For all of you who received the post “Aloha, Hawaii. We miss you already!” twice, I apologize. (For those who didn’t receive it at all, I also apologize and you can scroll down to the end of this post to view it.) The long explanation involves way too many technological terms. The short one is my blog delivery service went into a precautionary shutdown mode in an effort to combat spam. Problem solved, I think. Fingers and toes are crossed!
When we last left off, we were here…
When I turned around, I saw this…
It was very strange to look straight ahead and see blue sky and sunshine (see first picture) only to swivel my head and see an impending storm. Good thing we had our fill of Vitamin D and packed in a hurry because a few minutes later we drove down the road and saw this…
giant water spout!
View from Makena beach, Maui
I took this photo from the car window which means we were out of there in minutes. Good thing since we later heard reports there was a flash flood that we (phew!) barely missed.
There were other displays of water, but all more predictable such as the Spouting Horn on Kauai.
Wait for it….
There you go.
Or this beautiful beach (Barking Sands on Kauai) that could only be accessed after a 30 minute bucking bronco style car ride over a dirt road that was more pot holes and sharp rocks than it was dirt. As I drove us in, I scooted all the way forward in my seat with my white knuckles at the top of the steering wheel, hoping we wouldn’t get a flat tire or a busted oil pan. When we finally arrived, I exclaimed, “This better be the best beach we have ever seen!” Well, it kind of was. It was beautiful, it was desolate (there was one other person that you can barely make out in the background, but those foot prints were all mine) but the sand was also seriously, scorchingly hot!
Barking Sands beach, Kauai. (Ouch, ouch, ouch!)
I read they call it Barking Sands because the sound the grains of sand make when you walk on them. I think it’s because with every step you take, your dogs are barking. I had flip flops on and my feet still felt seared. It was so painful that I ran through the sand dunes (not pictured) on the way back up to the car. Ten minutes later, back onto that bad road, I realized my watch was missing and had likely fallen into those sand dunes and that is where I decided to let it live. As much as I loved that watch, it wasn’t worth ten more minutes doubling back on that terribly bumpy road and I knew I’d never be able to slowly retrace my steps on that sand. If you go, don’t wear lose jewelry (well, ever) and consider going Mainlander style with tennis shoes and socks!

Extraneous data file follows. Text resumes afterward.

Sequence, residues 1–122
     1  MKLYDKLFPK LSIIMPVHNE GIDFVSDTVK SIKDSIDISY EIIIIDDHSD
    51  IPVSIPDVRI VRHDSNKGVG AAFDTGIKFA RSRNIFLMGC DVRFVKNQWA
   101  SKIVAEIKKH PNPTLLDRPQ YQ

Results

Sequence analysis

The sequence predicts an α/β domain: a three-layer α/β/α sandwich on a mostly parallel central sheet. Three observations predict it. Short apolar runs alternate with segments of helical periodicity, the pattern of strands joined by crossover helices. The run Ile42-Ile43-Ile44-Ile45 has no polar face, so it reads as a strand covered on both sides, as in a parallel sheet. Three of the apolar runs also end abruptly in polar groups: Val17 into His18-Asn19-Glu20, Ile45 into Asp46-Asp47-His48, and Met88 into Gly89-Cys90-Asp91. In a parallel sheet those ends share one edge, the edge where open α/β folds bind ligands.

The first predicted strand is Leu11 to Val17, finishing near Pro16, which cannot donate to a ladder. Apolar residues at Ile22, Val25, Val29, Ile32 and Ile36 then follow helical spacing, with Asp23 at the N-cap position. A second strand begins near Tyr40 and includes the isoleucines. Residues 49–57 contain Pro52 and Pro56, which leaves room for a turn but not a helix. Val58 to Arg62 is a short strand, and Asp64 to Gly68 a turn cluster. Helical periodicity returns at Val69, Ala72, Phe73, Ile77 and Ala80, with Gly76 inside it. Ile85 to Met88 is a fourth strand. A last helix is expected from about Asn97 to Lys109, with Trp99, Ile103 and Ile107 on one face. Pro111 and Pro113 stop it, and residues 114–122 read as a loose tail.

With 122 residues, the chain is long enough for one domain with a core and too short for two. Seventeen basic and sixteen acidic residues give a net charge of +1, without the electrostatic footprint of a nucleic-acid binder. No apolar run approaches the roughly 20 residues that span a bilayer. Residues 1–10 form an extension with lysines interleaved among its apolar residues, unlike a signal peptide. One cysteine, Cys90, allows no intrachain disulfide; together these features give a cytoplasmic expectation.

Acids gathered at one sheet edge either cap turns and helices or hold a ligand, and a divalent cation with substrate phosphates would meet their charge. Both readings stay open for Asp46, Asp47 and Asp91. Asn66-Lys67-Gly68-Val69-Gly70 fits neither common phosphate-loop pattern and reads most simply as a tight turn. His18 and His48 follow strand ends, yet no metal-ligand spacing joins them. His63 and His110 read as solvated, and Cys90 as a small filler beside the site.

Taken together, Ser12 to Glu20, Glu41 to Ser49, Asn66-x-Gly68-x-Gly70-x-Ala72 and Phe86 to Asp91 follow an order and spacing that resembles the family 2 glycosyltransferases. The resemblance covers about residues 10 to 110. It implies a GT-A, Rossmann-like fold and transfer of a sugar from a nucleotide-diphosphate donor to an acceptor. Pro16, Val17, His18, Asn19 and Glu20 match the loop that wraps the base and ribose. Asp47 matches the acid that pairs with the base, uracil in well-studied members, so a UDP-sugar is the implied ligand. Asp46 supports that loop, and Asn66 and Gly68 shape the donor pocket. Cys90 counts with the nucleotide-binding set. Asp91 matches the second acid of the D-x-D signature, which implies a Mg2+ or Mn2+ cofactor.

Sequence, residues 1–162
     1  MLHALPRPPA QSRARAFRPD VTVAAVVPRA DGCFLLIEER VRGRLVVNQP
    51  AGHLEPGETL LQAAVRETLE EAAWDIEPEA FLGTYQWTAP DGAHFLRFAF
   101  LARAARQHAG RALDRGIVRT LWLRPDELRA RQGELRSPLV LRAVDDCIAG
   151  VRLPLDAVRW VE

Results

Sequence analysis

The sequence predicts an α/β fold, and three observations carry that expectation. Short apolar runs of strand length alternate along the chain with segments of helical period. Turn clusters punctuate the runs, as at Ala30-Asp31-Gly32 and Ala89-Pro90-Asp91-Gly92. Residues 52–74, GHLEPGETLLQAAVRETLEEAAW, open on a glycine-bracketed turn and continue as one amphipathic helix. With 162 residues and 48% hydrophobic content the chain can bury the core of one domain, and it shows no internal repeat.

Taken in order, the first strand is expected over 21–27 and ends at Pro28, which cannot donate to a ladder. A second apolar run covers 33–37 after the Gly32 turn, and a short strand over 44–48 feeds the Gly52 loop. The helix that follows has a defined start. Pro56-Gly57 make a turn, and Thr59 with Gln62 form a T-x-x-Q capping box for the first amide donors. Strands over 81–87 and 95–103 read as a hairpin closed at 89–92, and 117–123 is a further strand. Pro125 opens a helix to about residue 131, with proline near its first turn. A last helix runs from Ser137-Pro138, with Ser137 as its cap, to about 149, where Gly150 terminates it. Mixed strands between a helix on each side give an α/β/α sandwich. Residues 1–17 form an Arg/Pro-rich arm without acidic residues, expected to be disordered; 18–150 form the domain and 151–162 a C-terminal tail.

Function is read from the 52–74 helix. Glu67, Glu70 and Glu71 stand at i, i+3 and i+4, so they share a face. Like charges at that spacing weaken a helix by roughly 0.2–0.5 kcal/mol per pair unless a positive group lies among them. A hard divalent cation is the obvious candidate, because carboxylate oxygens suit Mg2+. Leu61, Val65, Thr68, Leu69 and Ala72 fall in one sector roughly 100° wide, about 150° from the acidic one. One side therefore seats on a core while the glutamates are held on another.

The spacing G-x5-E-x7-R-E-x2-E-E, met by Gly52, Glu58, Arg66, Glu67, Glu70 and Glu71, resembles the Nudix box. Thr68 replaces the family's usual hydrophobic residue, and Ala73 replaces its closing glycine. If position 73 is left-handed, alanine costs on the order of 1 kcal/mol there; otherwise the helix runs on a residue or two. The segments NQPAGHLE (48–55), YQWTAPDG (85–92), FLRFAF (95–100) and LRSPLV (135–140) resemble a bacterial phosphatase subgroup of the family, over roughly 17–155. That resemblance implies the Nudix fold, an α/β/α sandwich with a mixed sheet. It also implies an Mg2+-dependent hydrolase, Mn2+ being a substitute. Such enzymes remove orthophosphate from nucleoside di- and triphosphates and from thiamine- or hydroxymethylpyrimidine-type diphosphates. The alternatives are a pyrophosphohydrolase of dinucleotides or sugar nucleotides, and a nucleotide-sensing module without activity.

But despite having the soles of my feet slightly singed, I’m happy to report there was good design everywhere…
Gate on the road by Makena beach.
The tapa cloth ceiling of the Tidepool’s restaurant at the Hyatt, Kauai.
The cabanas where we stayed at The Outrigger, Maui. Wouldn’t one of these cabanas be so great in a backyard? Tip: If you’re considering it, you may want to keep it without walls, as shown above; my best friend just returned from Belize and said the (enclosed) room they stayed in had a similar palapa (palm frond) roof and it gave the room a slight scent of a urine soaked basket!
Red Salt restaurant, Kauai. Check out that capiz shell chandelier!
A wall in the dining room of Red Salt.
Up close, they looked a bit like little Tupperware cups, but very effective from afar.